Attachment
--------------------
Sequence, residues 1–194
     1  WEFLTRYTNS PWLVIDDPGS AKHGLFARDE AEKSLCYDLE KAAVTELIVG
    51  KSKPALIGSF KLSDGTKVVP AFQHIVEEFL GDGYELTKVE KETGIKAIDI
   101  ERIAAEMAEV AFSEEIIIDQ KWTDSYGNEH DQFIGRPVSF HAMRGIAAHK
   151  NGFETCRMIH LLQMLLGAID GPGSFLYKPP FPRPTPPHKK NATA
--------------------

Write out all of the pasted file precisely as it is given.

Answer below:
Sequence, residues 1–194
     1  WEFLTRYTNS PWLVIDDPGS AKHGLFARDE AEKSLCYDLE KAAVTELIVG
    51  KSKPALIGSF KLSDGTKVVP AFQHIVEEFL GDGYELTKVE KETGIKAIDI
   101  ERIAAEMAEV AFSEEIIIDQ KWTDSYGNEH DQFIGRPVSF HAMRGIAAHK
   151  NGFETCRMIH LLQMLLGAID GPGSFLYKPP FPRPTPPHKK NATA